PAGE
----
Monday, October 6, 2008

Sun spots? How to lighten them


Whether you call them sun spots, age spots or liver spots, these unsightly marks are the last thing you want to see covering your shoulders, hands or face! They're most common in adults over 40, but can appear on younger skin too. Not surprisingly, they typically result from long-term sun exposure. Even if you rarely lounge around poolside or spend time at the beach, sun spots can still appear on your body. For instance, spots can form on your hands from driving in the sun.




So, how do sun spots develop? To defend itself against sun exposure, the skin reacts by generating more melanocytes, which produce melanin. When too much melanin is produced, sun spots emerge — commonly appearing on the face, chest, back, shoulders and hands.




The skin-lightening staple: Hydroquinone


Hydroquinone is the most effective, well-researched skin lightening ingredient on the market. It works by inhibiting the enzyme, tyrosinase, which synthesizes melanin. Over-the-counter products are made with 0.5 to 2 percent hydroquinone; higher concentrations require a prescription.
Compared with alternatives like lasers and chemical peels, which must be administered in a doctor’s office, hydroquinone is a much more affordable option. Side effects are minor and can include itching and reddened skin.




Recent concerns: On August 29, 2006, the FDA recommended a ban on over-the-counter hydroquinone products, citing safety concerns. Specifically, "some evidence" suggests that hydroquinone poses a carcinogenic risk in animals, according to the National Toxicology Program (NTP), though there’s no evidence of a potential risk in humans. The FDA also cited a link between hydroquinone and ochronosis, a condition that causes the skin to darken and thicken. Many dermatologists strongly disagree with the FDA’s proposal, pointing to hydroquinone's well-established safety and efficacy as a lightening agent. But, if you're concerned, there are alternative treatments available.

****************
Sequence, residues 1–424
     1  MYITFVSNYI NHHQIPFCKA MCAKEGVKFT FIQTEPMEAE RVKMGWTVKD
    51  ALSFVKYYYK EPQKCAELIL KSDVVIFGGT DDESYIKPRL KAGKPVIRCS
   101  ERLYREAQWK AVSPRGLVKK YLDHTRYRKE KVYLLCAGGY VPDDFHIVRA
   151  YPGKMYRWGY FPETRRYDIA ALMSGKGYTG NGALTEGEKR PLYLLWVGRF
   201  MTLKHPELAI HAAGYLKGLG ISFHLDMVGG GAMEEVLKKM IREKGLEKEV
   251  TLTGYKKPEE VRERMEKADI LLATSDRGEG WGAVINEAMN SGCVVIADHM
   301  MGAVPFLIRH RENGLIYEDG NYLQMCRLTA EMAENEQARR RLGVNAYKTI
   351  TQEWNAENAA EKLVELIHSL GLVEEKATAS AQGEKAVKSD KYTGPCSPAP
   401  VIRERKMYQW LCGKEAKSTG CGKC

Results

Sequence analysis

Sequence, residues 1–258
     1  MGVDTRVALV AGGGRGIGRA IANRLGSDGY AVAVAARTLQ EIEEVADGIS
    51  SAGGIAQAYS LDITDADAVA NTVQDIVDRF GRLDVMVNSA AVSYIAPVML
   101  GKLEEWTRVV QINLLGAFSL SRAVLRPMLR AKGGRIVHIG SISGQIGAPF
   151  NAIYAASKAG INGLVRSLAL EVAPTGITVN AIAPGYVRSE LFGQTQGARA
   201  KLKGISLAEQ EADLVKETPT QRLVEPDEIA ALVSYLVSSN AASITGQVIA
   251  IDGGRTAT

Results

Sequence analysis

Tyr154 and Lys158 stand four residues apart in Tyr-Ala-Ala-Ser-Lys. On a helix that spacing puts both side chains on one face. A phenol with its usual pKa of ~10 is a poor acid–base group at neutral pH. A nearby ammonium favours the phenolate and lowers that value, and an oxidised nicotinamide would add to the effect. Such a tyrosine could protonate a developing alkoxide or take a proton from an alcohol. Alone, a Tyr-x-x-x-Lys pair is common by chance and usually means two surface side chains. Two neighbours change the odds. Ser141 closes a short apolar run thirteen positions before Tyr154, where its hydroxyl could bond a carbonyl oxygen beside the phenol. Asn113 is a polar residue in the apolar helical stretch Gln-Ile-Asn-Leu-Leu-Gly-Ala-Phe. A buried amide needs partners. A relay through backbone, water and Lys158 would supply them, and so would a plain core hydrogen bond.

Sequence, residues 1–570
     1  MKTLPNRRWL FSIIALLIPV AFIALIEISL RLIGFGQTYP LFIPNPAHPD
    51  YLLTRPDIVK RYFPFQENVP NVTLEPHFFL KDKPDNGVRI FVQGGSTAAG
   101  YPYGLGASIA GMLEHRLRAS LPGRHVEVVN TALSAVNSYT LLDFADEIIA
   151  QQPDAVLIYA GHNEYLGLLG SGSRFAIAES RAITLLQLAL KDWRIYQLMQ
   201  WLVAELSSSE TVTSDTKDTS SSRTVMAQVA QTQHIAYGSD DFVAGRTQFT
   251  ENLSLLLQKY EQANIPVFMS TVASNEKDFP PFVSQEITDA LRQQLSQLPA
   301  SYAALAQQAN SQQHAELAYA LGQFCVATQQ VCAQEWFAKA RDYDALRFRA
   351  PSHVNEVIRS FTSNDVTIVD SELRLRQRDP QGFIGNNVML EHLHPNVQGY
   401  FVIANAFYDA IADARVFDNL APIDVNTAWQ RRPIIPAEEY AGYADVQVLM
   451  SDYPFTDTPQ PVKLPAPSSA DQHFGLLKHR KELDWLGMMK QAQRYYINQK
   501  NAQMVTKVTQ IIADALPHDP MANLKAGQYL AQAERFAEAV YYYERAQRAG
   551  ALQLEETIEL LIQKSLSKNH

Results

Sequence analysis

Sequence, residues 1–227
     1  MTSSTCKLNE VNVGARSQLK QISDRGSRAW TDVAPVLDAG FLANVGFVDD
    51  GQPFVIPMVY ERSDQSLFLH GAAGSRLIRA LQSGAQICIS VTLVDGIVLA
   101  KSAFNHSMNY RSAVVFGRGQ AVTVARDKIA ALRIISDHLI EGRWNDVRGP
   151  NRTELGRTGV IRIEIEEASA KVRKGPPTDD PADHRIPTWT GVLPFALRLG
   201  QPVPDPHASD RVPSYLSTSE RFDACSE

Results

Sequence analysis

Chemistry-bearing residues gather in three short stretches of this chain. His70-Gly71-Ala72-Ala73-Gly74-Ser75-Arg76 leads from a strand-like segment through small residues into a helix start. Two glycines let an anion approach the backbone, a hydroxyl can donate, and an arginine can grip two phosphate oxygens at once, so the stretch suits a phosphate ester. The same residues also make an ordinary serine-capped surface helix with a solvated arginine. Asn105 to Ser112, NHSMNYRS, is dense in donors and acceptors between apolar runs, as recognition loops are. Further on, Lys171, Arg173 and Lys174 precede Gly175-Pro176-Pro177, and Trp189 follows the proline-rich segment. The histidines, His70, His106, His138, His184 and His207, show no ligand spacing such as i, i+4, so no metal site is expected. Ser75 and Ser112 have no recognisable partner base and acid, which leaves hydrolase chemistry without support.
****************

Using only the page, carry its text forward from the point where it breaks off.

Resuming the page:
Alternative treatments


If you would like to avoid using hydroquinone, you can choose from many plant-based skin lighteners, including kojic acid, bilberry extract, mulberry extract and licorice. Of these, one of the most popular is kojic acid, which is derived from the fungus Aspergillus oryzae. Like hydroquinone, kojic acid also inhibits the production of melanin in the skin, causing dark spots to fade.




Make sure you're using a broad-spectrum sunscreen if you try a topical lightening agent, to prevent the hyperpigmentation from returning. And, lightening takes time; it can take weeks or even months, depending on the individual and the product used.

1 comment:

Beauty said...

Is there any way to prevent sun spots from forming in the first place?